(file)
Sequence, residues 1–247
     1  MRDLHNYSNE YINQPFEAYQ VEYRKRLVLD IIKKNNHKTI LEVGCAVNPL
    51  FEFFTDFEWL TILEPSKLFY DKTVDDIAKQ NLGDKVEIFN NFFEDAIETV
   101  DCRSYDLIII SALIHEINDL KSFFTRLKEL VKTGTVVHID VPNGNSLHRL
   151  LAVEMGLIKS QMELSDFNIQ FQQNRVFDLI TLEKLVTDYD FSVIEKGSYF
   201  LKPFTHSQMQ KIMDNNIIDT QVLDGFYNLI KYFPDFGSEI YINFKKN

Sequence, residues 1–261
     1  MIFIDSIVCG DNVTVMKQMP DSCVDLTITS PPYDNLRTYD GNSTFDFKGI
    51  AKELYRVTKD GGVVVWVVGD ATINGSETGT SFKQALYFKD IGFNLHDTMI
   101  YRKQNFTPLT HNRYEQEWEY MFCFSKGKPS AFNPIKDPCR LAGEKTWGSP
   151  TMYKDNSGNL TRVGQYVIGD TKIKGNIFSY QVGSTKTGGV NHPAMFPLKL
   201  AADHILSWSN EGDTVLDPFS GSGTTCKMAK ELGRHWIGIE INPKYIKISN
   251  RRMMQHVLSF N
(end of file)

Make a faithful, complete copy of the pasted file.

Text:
Sequence, residues 1–247
     1  MRDLHNYSNE YINQPFEAYQ VEYRKRLVLD IIKKNNHKTI LEVGCAVNPL
    51  FEFFTDFEWL TILEPSKLFY DKTVDDIAKQ NLGDKVEIFN NFFEDAIETV
   101  DCRSYDLIII SALIHEINDL KSFFTRLKEL VKTGTVVHID VPNGNSLHRL
   151  LAVEMGLIKS QMELSDFNIQ FQQNRVFDLI TLEKLVTDYD FSVIEKGSYF
   201  LKPFTHSQMQ KIMDNNIIDT QVLDGFYNLI KYFPDFGSEI YINFKKN

Sequence, residues 1–261
     1  MIFIDSIVCG DNVTVMKQMP DSCVDLTITS PPYDNLRTYD GNSTFDFKGI
    51  AKELYRVTKD GGVVVWVVGD ATINGSETGT SFKQALYFKD IGFNLHDTMI
   101  YRKQNFTPLT HNRYEQEWEY MFCFSKGKPS AFNPIKDPCR LAGEKTWGSP
   151  TMYKDNSGNL TRVGQYVIGD TKIKGNIFSY QVGSTKTGGV NHPAMFPLKL
   201  AADHILSWSN EGDTVLDPFS GSGTTCKMAK ELGRHWIGIE INPKYIKISN
   251  RRMMQHVLSF N